In an aspect of the invention, the flow rate detecting heat transfer member has a shape of plate and is arranged in the pipe line along a direction thereof.

In an aspect of the invention, the flow rate sensor further comprises a fluid temperature detector for use in thermal compensation of flow rate detection, and a fluid temperature detecting heat transfer member extending into the inside of the pipe line, wherein the fluid temperature detector and the fluid temperature detecting heat transfer member are thermally connected to each other.

In an aspect of the invention, the temperature detecting heat transfer member is exposed to the inside of the pipe line only at the central area.

In an aspect of the invention, the temperature detecting heat transfer member extends into the pipe line in a radial direction thereof so that a tip end thereof is positioned in the central area, and a base of a portion of the temperature detecting heat transfer member which is disposed in the pipe line but outside the central area is sealed with a heat insulation member.

In an aspect of the invention, the temperature detector and a portion of the temperature detecting heat transfer member thermally connected to the temperature detector are accommodated within a base portion having heat insulation property, and the heat insulation member is constituted by a part of the base portion.

In an aspect of the invention, the temperature detecting heat transfer member has a shape of plate and is arranged in the pipe line along a direction thereof.

BRIEF DESCRIPTION OF THE DRAWINGS

FIG. 1 is a longitudinal, cross-sectional view showing an embodiment of a strainer integrated flowmeter according to the present invention;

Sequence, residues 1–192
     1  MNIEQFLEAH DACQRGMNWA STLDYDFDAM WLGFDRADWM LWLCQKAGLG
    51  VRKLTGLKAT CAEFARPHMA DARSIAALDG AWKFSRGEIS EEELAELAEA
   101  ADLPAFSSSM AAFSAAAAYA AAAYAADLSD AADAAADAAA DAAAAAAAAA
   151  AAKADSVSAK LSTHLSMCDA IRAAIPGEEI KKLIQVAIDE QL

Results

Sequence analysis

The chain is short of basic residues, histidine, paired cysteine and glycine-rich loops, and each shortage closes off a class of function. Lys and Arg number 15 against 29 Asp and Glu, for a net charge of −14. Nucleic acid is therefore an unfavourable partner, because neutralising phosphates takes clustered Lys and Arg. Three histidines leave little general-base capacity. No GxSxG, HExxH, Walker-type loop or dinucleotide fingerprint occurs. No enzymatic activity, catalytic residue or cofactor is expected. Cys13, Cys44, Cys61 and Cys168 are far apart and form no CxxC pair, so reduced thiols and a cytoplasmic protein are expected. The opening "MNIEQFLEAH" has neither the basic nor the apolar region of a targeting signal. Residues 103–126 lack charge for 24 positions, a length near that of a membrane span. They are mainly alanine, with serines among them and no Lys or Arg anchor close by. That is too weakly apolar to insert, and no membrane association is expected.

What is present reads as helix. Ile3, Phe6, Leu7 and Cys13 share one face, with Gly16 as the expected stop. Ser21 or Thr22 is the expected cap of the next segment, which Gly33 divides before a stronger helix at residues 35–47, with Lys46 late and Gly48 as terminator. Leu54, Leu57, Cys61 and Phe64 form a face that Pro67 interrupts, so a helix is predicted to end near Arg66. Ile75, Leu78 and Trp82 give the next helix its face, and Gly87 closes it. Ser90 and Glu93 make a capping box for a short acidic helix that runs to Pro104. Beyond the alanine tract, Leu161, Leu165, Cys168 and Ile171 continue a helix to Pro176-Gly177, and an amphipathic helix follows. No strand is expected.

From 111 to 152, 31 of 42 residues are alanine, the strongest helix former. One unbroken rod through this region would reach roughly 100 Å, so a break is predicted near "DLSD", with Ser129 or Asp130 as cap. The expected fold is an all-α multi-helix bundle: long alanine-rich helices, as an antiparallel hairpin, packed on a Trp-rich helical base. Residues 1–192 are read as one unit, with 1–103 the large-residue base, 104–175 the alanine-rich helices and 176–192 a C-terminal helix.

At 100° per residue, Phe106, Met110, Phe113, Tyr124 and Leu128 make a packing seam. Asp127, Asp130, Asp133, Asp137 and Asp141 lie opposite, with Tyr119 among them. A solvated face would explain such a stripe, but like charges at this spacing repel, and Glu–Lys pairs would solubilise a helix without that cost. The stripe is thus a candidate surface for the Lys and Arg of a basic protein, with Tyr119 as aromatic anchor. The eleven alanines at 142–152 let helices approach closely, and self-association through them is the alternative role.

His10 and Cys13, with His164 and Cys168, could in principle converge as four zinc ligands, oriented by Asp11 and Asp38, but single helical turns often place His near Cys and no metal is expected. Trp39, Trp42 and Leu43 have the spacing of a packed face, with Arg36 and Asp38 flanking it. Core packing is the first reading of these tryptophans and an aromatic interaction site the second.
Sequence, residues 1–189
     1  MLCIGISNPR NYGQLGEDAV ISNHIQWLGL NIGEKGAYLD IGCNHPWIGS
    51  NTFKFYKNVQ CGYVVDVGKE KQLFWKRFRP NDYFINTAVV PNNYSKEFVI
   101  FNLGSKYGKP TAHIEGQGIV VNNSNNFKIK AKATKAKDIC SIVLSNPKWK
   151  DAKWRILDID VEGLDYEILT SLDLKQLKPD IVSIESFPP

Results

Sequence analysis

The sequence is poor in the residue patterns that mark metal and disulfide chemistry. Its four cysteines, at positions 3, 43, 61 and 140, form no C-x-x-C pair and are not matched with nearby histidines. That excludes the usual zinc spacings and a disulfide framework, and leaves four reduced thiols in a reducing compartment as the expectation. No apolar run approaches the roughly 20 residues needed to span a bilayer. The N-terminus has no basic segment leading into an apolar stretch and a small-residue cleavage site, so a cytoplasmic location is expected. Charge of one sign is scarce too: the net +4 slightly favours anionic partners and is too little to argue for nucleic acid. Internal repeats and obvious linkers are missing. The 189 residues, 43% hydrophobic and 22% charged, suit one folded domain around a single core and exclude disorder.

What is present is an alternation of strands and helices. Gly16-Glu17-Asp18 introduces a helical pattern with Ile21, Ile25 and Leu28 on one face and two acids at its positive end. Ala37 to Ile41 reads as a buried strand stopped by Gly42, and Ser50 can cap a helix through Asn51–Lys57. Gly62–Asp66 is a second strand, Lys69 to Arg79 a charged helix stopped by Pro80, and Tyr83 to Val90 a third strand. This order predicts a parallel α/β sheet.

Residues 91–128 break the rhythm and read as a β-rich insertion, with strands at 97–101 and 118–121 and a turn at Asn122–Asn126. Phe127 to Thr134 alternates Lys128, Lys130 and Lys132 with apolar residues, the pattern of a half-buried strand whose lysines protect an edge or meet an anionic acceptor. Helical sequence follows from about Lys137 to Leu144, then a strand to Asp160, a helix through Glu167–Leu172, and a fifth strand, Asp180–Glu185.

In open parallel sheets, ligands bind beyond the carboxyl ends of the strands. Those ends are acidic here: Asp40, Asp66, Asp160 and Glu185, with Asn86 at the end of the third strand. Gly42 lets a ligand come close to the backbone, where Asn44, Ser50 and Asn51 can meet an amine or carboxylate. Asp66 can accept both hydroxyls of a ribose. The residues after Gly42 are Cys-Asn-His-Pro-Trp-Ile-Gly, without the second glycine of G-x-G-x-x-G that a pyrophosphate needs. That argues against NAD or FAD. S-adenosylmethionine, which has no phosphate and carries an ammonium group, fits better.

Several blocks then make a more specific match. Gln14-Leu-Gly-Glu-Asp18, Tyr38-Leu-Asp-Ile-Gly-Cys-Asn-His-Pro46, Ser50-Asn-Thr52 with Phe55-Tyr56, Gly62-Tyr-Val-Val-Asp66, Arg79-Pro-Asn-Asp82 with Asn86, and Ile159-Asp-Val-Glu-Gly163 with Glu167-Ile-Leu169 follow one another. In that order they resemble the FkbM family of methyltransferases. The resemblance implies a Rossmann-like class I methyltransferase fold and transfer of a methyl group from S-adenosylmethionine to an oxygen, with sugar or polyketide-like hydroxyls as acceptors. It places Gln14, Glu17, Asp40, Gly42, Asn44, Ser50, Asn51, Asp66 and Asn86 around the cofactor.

FIG. 2 is a side view showing the embodiment of the strainer integrated flowmeter according to the present invention;

FIG. 3 is an exploded, longitudinal, cross-sectional view showing the embodiment of the strainer integrated flowmeter according to the present invention;

FIGS. 4A and 4B are a frontal, cross-sectional view and side cross-sectional view showing a flow rate sensor, respectively;

FIG. 5 is an exploded perspective view showing a flow rate detector of the flow rate sensor;

FIG. 6 is a longitudinal, sectional view showing the flow rate detector of the flow rate sensor;

FIG. 7 is an explanatory diagram showing a manufacturing process of the flow rate sensor;

FIG. 8 is an electrical circuit diagram of the embodiment of the strainer integrated flowmeter according to the present invention;

FIG. 9 is a longitudinal, cross-sectional view showing another embodiment of the strainer integrated flowmeter according to the present invention;

FIG. 10 is a plan view showing the embodiment of the strainer integrated flowmeter according to the present invention;

FIG. 11 is an exploded, longitudinal, cross-sectional view showing the embodiment of the strainer integrated flowmeter according to the present invention;

FIG. 12 is a cross-sectional view taken along a fluid-flowing pipe line showing an embodiment of a flow rate sensor according to the present invention;

FIG. 13 is a cross-sectional view taken perpendicularly to the fluid-flowing pipe line showing the embodiment of the flow rate sensor according to the present invention;

FIG. 14 is a cross-sectional view showing a flow rate detecting unit of the embodiment of the flow rate sensor according to the present invention;

FIG. 15 is an exploded perspective view showing a flow rate detector of the embodiment of the flow rate sensor according to the present invention;

FIG. 16 is an electrical circuit diagram of the embodiment of the flow rate sensor according to the present invention;